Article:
Monday, October 29, 2007

Floor your readers with amazing stories

Columnists are reporters with an opinion. The best columnists are also keen observers, precise writers, and excellent storytellers. Frequently, we forget that readers love stories. But that is difficult to do in 13 inches or 400 words. We need to expand columns on days when a writer finds a terrific story.

Columnists frequently write opinion pieces, offer notes, or playfully address an issue, but how frequently do columnists tell stories to get their points across? Not enough. That's why reading pieces by a great writer like Bill Plaschke is a treat. Plaschke's piece -- "Floored" -- is among the best column I've read in some time.

"Floored" is an amazing story, a column that might have fallen through the cracks had Plaschke not also been a curious observer and a diligent reporter. Ultimately, the column succeeds because Plaschke is an excellent storyteller. Readers love a good mystery, something he clearly understands. Consider the opening:

The name is in giant cardinal letters, stripped across two sides of the new basketball court in this city's new basketball treasure, the signature on USC's signature arena.

It will be stepped upon by generations of Trojans basketball players.

It will be seen by millions of Galen Center fans.

Yet it is cloaked in mystery.

Jim Sterkel Court.

"Are you sure?" asks his wife, Joanne Sterkel. "His name is on what?"

Plaschke starts with a simple detail and then pulls us in with the idea of a mystery before adding an intriguing detail -- that Sterkel's wife is shocked. Hmmm. How does his wife not know something major like this? What else doesn't she know? Tell me more.

Plaschke keeps the story rolling by focusing on conflict at several points. There is the sad moment when Sterkel finds out he has cancer. Then, readers learn that the anonymous donor's son is also dying. The reader, of course, will want to read further to learn the outcome in both situations

When Sterkel first noticed a lump in his testicles, he told Anonymous, who immediately drove him to the doctor for the beginning of his long and fatal relationship with cancer.

While Sterkel was dying, Anonymous' young son also contracted cancer. Sterkel wrote Anonymous a poem, sealed it, and ordered it only to be read if Anonymous' son died.

Plaschke also writes wonderfully, varying sentences as needed. He uses short, staccato sentences to re-emphasize points in longer sentences. He then counters with longer sentences that pack a lot of information within them.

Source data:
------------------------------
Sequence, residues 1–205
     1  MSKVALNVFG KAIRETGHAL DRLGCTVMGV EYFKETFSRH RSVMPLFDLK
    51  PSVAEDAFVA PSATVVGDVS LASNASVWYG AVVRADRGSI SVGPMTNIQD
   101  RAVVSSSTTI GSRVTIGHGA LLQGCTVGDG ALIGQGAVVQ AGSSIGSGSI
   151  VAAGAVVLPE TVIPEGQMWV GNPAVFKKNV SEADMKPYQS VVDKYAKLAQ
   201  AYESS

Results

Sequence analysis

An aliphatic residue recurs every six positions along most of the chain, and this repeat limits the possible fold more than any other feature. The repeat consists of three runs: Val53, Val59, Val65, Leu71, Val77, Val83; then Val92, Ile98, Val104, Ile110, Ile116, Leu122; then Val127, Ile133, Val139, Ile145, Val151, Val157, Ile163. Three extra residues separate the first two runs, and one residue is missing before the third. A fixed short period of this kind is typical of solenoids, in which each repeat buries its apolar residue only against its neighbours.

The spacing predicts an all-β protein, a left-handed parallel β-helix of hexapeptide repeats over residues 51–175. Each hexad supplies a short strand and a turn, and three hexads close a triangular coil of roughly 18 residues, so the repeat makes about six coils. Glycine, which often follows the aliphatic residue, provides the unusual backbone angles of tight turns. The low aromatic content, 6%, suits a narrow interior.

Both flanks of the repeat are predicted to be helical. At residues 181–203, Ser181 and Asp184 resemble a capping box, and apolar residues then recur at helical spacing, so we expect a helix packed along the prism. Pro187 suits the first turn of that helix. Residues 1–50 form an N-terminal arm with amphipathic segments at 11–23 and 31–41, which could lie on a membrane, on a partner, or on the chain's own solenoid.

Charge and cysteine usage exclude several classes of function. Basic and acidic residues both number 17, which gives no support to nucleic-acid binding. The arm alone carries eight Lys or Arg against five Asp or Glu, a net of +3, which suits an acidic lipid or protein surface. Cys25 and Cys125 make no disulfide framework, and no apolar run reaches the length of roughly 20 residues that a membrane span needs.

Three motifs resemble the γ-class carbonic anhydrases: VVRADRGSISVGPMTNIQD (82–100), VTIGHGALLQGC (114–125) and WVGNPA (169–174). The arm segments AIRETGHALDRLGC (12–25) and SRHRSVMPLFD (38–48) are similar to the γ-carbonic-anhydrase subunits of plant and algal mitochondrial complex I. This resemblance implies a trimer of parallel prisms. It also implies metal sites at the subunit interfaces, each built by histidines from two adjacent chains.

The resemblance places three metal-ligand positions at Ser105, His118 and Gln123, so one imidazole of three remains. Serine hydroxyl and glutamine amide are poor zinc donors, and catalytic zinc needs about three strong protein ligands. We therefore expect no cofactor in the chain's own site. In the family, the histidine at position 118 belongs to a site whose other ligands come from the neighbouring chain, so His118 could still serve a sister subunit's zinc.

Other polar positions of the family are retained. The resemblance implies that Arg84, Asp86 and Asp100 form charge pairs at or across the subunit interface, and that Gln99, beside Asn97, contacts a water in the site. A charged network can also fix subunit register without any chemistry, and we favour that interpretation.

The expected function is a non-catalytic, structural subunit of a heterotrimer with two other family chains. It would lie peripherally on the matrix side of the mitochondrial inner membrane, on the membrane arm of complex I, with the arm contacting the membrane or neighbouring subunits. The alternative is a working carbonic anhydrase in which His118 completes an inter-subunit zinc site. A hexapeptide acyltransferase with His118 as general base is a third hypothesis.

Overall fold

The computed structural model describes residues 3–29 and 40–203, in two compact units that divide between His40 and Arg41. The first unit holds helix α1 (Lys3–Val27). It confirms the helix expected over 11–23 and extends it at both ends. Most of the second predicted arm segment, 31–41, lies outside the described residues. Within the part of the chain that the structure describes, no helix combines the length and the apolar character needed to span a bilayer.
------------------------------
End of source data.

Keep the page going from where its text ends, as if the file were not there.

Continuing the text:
After their senior years, the roommates set upon vastly different courses of life, but never strayed too far.

There's also this nice passage that summarizes the opening scene:

Anonymous became a business tycoon, while Sterkel became a suburban salesman and church leader, yet they still met for family dinners, fishing trips and pep talks on the phone.

Sterkel was the kind of guy who didn't smoke, didn't swear, and would lead his church in services and on its basketball courts.

He was the kind of guy neighbors phoned if they needed a television fixed or pipe unclogged. Giant and bespectacled and always smiling, he was the kind of guy who hugged everyone.

He also says much in the following sentence, a 22-word line of poetry. (Notice, also, how the second shorter sentence leaps out in comparison to its lengthier neighbor.)

A most amazing story in this city of stars, a sports centerpiece decorated in average, laced in ordinary, painted in a nobody.

Or was he?

Plaschke is also a tenacious reporter. He uncovers the name of the anonymous donor but does not reveal it to readers, knowing that detail is unnecessary to the telling of the tale. Just because we know something does not mean we should publish it. Consider how your words impact others. Plaschke speaks with many sources, everybody from Jim Sterkel's wife and daughter to a former teammate to USC's athletic director to Anonymous. He digs in to learn as many details about this story as possible from these people.

After so much work, Plaschke then tells an amazing story of friendship, dedication, and selflessness. It's a lovely story, one that sticks in one's mind (and heart) for a long time -- and one worth emulating.


Satire can result in a swing and a miss

Part of my mission is to try and educate. Part of my job is to model activity -- in this case writing a column with a strong opinion. Perhaps, I failed in that mission. At least that's how it appears if you read the comments to my previous blog (below). Nearly every single writer said they did not get the satire, which either means that readers failed to understand it, or that I failed to present it properly. Since no one is defending the post, I can only assume I struck out.